A Maui "Solar Summit" will focus this month on issues relating to the installation and use of photovoltaic systems.
Presented by Maui County and the Sustainable Living Institute of Maui, the summit will be held from 11:30 a.m. to 1 p.m. Friday at the Pilina Building's multipurpose room at the University of Hawaii Maui College.
Recent changes to the state tax credit for photovoltaic systems will be discussed, among other issues. Several of those issues stem from electric utilities limiting the amount of solar systems on a circuit to protect the power grid's stability.
In October, Hawaii power utilities, including Maui Electric Co., began allowing most residential and some commercial customers to install single-phase PV systems of up to 10 kilowatts (a typical residential system) on single-phase transformers and to participate in net energy metering with no interconnection study. Such studies could cost thousands of dollars and were seen as a strong disincentive for installing solar power systems.
The "Solar Summit" will address questions such as:
* "Are there 'closed off' power circuits on Maui? If so, where are they?"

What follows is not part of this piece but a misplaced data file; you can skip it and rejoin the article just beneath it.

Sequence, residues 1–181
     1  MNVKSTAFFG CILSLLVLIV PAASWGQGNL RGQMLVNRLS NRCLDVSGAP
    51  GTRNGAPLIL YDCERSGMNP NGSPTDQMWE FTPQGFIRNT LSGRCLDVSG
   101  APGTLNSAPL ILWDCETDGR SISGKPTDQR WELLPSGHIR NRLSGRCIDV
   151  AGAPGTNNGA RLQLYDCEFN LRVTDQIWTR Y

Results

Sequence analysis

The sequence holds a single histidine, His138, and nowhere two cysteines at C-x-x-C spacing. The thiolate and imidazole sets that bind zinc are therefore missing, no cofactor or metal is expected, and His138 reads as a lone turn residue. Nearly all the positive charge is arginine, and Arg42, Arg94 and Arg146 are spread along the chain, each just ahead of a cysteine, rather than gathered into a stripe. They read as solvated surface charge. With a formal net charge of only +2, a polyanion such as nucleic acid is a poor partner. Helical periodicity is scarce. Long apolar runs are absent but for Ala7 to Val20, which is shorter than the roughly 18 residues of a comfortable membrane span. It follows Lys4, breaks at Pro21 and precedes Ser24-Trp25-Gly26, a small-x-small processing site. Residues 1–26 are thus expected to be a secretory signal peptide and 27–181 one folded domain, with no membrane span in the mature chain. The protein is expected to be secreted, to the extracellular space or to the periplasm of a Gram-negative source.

* "What are the chances that a solar system will be allowed if an interconnection study is paid at a resident's expense?"
* "Are county permits and MECO pre-approval needed before solar systems are installed? How long does that take?"
* "What is the Hawaii Public Utilities Commission Rule 14H, which governs power interconnections, such as photovoltaic systems, and how does it affect residents who want to install solar systems?"
* "How much solar energy is being installed in Maui County this year, compared with last year?"
* "What about off-grid systems? Are people installing them?"
Mayor Alan Arakawa is scheduled to address the demand for solar-generated electricity in Maui County. Other speakers will include Ted Shiraishi, rules officer for the state Department of Taxation, who will discuss tax credits for PV systems; and Doug McLeod, Maui County's energy commissioner.
The summit will include a panel of photovoltaic experts - Steve Rymsha, supervisor of renewable energy projects for Maui Electric Co.; Greg Nakao, electrical engineer with the county Department of Public Works' Development Services Administration; Susanne Knappstein, project manager for Haleakala Solar; Michael Reiley, president of HNU Energy; and G. Robert Johnston, president of Hawaii Pacific Solar. Institute Director Jennifer Chirico will moderate the panel.
Lunch costs $5 with an advance reservation. To register or for more information, call the institute office at 984-3379 or send email to firstname.lastname@example.org.